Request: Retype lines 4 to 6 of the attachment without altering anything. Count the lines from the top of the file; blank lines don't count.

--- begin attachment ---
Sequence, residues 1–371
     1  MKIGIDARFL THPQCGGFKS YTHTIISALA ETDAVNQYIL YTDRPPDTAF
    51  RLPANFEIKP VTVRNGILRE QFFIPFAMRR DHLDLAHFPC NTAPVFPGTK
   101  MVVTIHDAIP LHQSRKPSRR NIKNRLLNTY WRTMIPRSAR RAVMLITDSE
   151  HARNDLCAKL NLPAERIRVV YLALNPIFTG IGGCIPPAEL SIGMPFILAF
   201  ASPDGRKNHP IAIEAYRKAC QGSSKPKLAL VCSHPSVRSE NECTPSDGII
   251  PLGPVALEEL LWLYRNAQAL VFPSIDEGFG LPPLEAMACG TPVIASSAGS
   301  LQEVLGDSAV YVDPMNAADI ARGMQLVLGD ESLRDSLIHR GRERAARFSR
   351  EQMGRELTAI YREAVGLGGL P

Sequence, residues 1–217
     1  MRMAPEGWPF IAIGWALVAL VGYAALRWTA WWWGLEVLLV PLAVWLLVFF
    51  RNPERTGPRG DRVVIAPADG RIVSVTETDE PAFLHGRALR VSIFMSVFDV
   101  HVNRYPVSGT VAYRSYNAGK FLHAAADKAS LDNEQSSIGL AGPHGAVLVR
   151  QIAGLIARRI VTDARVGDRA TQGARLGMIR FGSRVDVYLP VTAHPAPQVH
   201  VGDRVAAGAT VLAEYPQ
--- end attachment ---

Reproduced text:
   101  MVVTIHDAIP LHQSRKPSRR NIKNRLLNTY WRTMIPRSAR RAVMLITDSE
   151  HARNDLCAKL NLPAERIRVV YLALNPIFTG IGGCIPPAEL SIGMPFILAF
   201  ASPDGRKNHP IAIEAYRKAC QGSSKPKLAL VCSHPSVRSE NECTPSDGII